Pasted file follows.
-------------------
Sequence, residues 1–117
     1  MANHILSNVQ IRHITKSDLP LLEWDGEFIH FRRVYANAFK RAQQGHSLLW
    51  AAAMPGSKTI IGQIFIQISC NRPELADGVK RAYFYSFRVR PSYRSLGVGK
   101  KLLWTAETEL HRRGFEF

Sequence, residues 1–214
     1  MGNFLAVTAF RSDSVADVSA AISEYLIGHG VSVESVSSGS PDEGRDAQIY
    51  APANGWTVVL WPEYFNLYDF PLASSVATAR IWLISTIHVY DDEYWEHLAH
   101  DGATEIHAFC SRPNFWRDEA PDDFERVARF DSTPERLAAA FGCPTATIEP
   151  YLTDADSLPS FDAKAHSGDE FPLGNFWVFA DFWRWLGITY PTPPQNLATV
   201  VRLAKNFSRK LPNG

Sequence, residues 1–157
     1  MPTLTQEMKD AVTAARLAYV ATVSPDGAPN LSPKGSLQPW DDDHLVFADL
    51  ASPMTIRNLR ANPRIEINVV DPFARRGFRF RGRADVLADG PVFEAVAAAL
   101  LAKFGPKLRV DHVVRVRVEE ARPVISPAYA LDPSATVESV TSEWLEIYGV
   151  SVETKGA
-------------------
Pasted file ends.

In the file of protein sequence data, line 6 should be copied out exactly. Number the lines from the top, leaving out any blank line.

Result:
     1  MGNFLAVTAF RSDSVADVSA AISEYLIGHG VSVESVSSGS PDEGRDAQIY